Most religions believe that showing gratitude for the things that we have, is a way of worshipping and showing appreciation to God and to neglect to do so is to become arrogant, self-centred and unholy. Numerous metaphysicians say that there is great evidence to suggest that feeling grateful for something, is the key to attracting more of it into our lives but apart from being, at best a religious or moral code of conduct and at worst what many still consider ‘Woo, woo stuff’, are there are any measurable psychological benefits to gratitude?
Studies done in 2002 revealed that those who practiced gratitude experienced an increase in well-being, agreeability, social activity, spiritual connectedness and even generosity, whilst also experiencing a decline in neuroticism, materialism, and envy. 2002, Journal of Personality & Social Psychology, Michael E. Mc Cullough, Robert A. Emmons and Jo- Ann Tsang.
In another study, three groups were asked to keep a weekly journal. Group one was asked to focus on 5 things they are grateful for. Group two, 5 things that had annoyed them and group three was just asked to keep a neutral journal, for the duration of nine weeks. Though these journals were only updated on a weekly basis, the findings were quite significant with group one showing the highest increase in health, exercise, optimism and wellbeing. 2003, Journal of Personality and Social Psychology. Michael E Mc Cullough, Robert A Emmons
Further studies were done in this area but this time, the groups were asked to keep a daily record and the third group was asked to complete a social comparison journal (whereby they favorably compared themselves to someone else) rather than remaining neutral. Results showed the first group to display the greatest increase in feelings of gratitude, positivity, sociability and even an increased willingness to offer emotional support. 2003, Journal of Personality and Social Psychology, Michael E Mc Cullough, Robert A Emmons
This study was extended for an additional three weeks but this time including the measure of connectedness and done with only the first group (the gratitude group) and one other controlled group. The findings revealed that people who practice gratitude experienced an increase in their ability to connect with others. 2003, Journal of Personality and Social Psychology, Michael E Mc Cullough, Robert A Emmons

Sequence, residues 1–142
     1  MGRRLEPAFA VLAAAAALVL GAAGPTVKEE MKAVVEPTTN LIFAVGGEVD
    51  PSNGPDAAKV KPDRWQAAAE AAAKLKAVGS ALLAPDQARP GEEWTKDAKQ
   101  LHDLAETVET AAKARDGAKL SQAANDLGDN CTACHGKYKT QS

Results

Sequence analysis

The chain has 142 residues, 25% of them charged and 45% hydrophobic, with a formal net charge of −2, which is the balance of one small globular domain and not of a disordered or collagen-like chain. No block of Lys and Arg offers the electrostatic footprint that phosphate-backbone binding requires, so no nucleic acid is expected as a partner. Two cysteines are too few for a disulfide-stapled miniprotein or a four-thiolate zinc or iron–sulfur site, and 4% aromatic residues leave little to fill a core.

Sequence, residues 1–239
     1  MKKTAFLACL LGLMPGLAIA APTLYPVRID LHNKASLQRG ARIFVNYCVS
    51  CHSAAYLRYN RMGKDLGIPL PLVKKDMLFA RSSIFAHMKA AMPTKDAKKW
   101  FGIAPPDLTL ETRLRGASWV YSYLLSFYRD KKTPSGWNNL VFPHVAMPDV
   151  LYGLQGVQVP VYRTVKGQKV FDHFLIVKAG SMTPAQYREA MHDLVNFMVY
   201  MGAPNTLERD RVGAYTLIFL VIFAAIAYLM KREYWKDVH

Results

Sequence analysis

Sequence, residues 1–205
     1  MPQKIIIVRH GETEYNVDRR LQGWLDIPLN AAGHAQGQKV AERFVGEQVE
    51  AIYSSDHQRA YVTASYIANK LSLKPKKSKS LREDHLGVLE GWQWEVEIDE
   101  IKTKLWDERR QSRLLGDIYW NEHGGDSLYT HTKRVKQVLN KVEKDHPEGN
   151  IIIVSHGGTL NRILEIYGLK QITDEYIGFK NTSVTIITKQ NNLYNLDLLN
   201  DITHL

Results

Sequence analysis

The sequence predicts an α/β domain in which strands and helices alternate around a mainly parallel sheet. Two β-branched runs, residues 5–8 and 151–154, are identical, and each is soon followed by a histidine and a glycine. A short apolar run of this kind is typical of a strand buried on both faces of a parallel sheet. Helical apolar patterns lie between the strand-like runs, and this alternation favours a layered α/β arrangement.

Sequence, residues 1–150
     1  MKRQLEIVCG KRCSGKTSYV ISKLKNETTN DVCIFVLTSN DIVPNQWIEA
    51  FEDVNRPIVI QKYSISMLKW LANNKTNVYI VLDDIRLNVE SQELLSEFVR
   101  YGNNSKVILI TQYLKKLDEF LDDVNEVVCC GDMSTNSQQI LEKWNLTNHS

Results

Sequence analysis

Another study done in 2004 revealed that keeping a daily gratitude journal can even reduce feelings of depression. 2004, Journal of Personality and Social Psychology, Michael E Mc Cullough, Robert A Emmons, Jo- Ann Tsang
But why all this emphasis on journal writing? Shouldn’t simply feeling grateful be just as good? Apparently not, studies have shown that one genuine act of gratitude will cause an immediate increase in happiness by 10% and a reduction in depressive symptoms by 35%. Sounds great doesn’t it, however, whilst these results are impressive the positive effects of this act are shown to disappear within 3- 6 months. Whereas, even by keeping a weekly journal, we can produce a steady incline in our happiness and wellbeing, which totals an additional 9% at 6 months. 2005, American Psychologist, Positive Psychology Progress, M Seligman, T Sheen, N park, C Peterson
Unfortunately, all the benefits of gratitude cannot be addressed in this, one article as there are simply too many but if you are experiencing an issue around health, anger, self-esteem, depression, forgiveness or even sleep, practicing gratitude is a powerful tool that you can use to overcome and move forward.
So now that I’ve hopefully got you sold on the idea of practicing gratitude, how do we go about practicing it? The answer lies in numerous findings. Keep a gratitude journal that lists, at least, five things you are grateful for on a weekly or for best results, daily basis.
With the mounting positive feedback regarding gratitude in relations to our health, Psychology and wellbeing, I can safely say that the practice of gratitude isn’t just confined to the realms of religion or metaphysics and has hidden, unexpected benefits that increase with practice. So go ahead, pull back the cover of that empty notebook and embark on a list that will change your world.
“The Struggle ends when Gratitude begins”
Neale Donald Walsch
Written by Angelena Lewis